The U.S. investigation into the deadly sinking of a cargo ship during a 2015 hurricane entered its final hearing on Monday, with ship conditions probed at the start of two weeks of testimony set to examine new detail on El Faro's last hours.
The Coast Guard's Marine Board of Investigation, convened only for the most serious accidents, is looking for evidence of negligence or misconduct in the worst disaster involving a U.S.-flagged vessel in more than three decades.
All 33 crew onboard died when the 790-foot (241-meter) El Faro sank during a hurricane on Oct. 1, 2015, two days after leaving Jacksonville, Florida on a cargo run to Puerto Rico.
Investigators on Monday questioned Captain Raymond Thompson, former chief mate on the El Faro, asking about issues from crew fatigue and cargo lashings to an anemometer measuring wind speed.
Authorities meeting in Jacksonville now have key information about the ship's final hours from its voyage data recorder that had not been recovered when the panel held two rounds of hearings last year.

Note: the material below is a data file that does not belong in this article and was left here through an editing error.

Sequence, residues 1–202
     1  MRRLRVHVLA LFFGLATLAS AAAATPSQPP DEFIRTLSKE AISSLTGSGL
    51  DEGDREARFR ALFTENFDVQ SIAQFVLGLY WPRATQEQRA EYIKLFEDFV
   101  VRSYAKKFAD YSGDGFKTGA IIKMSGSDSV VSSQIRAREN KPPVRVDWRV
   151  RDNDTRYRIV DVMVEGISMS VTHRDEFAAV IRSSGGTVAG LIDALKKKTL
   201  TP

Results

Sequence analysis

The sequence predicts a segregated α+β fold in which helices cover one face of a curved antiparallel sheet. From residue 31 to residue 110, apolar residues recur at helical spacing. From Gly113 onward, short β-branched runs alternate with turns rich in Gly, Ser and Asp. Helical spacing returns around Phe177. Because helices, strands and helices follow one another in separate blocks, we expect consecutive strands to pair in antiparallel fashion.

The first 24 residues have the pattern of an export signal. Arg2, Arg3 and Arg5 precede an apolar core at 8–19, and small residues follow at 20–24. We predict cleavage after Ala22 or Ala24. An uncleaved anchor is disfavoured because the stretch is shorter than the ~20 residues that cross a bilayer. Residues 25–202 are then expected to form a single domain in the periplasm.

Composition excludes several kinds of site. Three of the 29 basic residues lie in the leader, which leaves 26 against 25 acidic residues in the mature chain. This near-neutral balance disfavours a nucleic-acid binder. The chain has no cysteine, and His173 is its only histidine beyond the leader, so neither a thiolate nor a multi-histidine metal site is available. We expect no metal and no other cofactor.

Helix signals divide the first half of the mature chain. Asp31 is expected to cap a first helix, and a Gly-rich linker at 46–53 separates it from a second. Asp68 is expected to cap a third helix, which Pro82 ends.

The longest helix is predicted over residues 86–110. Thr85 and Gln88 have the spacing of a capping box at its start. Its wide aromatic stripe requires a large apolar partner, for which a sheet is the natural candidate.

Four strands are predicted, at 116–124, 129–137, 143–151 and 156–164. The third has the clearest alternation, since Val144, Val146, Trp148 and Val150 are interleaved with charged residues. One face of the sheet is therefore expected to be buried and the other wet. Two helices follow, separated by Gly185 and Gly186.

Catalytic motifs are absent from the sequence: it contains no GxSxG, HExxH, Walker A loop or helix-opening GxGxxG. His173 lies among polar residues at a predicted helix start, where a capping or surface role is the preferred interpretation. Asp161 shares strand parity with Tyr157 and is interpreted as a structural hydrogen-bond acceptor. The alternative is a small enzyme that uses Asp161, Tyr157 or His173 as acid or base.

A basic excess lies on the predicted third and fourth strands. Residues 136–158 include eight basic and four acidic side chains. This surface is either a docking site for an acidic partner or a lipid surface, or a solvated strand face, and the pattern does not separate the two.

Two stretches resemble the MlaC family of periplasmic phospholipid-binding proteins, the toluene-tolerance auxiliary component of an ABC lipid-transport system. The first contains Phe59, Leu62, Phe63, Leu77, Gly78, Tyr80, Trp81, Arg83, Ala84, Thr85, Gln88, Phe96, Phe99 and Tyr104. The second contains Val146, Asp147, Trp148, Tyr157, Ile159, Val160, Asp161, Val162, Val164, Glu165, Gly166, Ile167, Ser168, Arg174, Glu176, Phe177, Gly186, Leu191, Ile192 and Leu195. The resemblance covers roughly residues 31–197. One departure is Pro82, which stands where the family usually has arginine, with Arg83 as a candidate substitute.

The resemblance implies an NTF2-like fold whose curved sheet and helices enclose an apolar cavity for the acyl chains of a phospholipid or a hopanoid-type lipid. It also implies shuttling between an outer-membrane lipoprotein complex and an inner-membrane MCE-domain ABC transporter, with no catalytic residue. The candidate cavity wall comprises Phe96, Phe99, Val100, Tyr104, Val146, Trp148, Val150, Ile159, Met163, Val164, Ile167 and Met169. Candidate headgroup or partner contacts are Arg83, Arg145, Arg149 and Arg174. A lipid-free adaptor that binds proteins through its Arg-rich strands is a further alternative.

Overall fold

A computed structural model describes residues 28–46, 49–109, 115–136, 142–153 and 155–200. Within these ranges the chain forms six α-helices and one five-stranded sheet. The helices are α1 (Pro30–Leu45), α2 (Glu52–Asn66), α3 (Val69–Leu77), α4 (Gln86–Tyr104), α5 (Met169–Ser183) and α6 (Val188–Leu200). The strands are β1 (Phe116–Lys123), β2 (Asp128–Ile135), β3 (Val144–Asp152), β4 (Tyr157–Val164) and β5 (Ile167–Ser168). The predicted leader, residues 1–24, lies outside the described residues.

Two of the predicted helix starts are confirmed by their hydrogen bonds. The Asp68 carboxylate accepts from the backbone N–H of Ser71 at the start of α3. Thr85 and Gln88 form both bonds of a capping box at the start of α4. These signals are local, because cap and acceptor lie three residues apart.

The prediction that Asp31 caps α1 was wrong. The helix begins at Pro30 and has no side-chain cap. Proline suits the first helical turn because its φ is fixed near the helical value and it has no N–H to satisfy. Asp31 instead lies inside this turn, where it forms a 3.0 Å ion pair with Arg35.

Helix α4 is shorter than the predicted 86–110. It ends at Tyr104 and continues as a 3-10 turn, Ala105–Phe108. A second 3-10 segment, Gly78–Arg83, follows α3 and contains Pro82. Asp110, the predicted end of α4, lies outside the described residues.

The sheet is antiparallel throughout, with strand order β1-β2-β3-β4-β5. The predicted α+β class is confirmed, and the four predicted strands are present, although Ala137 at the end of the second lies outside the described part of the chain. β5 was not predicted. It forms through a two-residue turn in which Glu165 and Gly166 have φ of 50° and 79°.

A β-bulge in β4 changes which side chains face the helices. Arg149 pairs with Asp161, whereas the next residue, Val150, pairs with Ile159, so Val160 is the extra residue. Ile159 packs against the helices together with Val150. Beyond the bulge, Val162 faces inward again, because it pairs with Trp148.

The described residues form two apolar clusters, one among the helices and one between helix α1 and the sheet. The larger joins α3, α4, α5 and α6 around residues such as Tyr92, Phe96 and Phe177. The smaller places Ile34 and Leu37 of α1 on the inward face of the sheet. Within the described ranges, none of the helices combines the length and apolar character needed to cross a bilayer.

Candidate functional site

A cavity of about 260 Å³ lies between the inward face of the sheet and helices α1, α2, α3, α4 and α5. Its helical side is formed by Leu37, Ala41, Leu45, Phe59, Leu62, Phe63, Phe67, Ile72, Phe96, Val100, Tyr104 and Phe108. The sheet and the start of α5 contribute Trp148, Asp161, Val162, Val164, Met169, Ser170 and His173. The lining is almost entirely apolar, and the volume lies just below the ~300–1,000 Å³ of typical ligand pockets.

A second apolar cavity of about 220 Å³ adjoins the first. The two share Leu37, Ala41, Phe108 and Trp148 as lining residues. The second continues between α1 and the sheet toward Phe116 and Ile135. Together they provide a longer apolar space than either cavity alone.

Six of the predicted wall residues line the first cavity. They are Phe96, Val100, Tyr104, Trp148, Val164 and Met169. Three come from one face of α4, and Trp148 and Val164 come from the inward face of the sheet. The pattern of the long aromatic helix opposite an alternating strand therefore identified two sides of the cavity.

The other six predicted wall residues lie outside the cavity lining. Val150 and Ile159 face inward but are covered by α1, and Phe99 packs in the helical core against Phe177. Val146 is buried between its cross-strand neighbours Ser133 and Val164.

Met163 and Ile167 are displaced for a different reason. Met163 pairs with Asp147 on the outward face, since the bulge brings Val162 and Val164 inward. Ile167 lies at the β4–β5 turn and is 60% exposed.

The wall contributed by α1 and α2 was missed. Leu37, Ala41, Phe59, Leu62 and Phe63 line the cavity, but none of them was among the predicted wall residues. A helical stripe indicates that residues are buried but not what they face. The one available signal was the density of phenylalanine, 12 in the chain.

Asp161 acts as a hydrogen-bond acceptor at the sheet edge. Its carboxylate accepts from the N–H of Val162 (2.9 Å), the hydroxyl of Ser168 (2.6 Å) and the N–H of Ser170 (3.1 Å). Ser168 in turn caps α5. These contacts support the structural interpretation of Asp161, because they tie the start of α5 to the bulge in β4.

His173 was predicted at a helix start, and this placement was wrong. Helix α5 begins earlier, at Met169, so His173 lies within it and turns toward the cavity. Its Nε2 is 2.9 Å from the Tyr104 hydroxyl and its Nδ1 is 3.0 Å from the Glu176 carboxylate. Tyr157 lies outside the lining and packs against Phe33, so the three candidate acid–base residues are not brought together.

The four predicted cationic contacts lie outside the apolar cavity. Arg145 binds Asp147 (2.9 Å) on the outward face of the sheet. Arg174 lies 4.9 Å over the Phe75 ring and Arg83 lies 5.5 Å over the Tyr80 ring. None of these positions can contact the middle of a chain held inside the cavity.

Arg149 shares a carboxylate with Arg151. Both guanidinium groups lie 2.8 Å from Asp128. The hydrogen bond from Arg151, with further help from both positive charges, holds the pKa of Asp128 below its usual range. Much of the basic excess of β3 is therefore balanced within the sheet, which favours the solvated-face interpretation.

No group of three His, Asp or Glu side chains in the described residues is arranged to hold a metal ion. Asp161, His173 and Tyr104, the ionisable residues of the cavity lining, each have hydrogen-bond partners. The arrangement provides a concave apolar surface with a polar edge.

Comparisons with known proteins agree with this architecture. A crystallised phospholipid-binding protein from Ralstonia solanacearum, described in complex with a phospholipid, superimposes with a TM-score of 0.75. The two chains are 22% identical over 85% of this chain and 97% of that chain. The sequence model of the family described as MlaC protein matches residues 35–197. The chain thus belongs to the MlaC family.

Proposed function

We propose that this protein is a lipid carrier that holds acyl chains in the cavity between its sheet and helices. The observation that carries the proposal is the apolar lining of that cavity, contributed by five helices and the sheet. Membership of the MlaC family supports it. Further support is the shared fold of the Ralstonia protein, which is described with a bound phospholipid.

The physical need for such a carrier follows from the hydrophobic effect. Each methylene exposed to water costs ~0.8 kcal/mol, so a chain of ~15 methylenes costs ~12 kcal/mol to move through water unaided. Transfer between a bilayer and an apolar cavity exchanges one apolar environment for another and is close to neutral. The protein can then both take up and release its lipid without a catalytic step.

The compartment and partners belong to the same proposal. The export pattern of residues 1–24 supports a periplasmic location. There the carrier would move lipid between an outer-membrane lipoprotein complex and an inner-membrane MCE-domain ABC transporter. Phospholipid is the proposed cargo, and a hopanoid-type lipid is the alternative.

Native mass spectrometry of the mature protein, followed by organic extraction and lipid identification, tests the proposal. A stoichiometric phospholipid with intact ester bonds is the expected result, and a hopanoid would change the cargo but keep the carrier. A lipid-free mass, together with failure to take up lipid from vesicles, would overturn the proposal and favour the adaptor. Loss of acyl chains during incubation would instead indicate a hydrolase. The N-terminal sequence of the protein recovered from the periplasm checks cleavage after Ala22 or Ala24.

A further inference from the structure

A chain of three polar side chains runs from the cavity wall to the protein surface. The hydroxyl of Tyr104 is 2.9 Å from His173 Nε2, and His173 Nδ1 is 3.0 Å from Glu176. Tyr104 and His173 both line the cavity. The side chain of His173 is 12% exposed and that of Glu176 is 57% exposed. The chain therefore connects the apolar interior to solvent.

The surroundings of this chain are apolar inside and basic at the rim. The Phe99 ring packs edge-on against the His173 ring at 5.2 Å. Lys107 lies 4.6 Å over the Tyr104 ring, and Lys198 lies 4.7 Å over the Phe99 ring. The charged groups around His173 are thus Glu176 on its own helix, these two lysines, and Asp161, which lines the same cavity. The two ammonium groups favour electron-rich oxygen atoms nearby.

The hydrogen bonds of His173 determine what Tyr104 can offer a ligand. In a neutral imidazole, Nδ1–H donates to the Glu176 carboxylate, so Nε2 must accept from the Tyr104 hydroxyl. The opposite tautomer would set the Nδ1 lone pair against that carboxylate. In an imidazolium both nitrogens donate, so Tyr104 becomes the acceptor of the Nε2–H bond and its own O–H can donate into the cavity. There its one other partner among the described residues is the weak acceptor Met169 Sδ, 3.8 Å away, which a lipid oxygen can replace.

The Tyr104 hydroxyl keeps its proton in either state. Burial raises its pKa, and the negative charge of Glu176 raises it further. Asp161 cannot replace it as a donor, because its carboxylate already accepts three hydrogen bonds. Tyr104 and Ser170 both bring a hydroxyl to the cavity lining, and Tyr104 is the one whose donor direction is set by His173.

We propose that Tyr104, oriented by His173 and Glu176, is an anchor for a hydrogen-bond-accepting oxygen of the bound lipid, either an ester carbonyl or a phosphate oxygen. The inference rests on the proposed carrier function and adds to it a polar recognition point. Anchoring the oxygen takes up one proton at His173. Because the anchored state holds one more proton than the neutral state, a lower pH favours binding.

Transcripts from the recordings showed Captain Michael Davidson's uncertainty about the storm's location. The veteran mariner from Maine told
his chief mate he was receiving conflicting reports hours before the alarm sounded to abandon ship.
Concerns about delays in the weather reports reaching the El Faro came up at the panel's previous hearings.
Ultimately, the Coast Guard panel expects to issue a report that could make recommendations to prevent another disaster, though the agency has no timeline for its release. The National Transportation Safety Board
is also participating in the hearings.
"There's still a lot of uncertainty about the cause of the sinking," said maritime lawyer Rod Sullivan, who represents the family of a deceased crew member and has closely followed the investigation.
He questioned efforts to get the crew into life-saving equipment. Discussion of lifeboats is scheduled for next week.
During earlier hearings, executives of Tote Services, which managed the El Faro, called the disaster a tragic accident.
The company has settled financially with 28 families, Tote said in a statement, declining details.
"Since the loss of the El Faro, we have focused every effort on supporting the families of those on board. An important part of this support has entailed reaching fair and swift legal settlements for those who may choose them," Tote said in a statement last week.
(Reporting by Letitia Stein; Editing by Colleen Jenkins and James Dalgleish)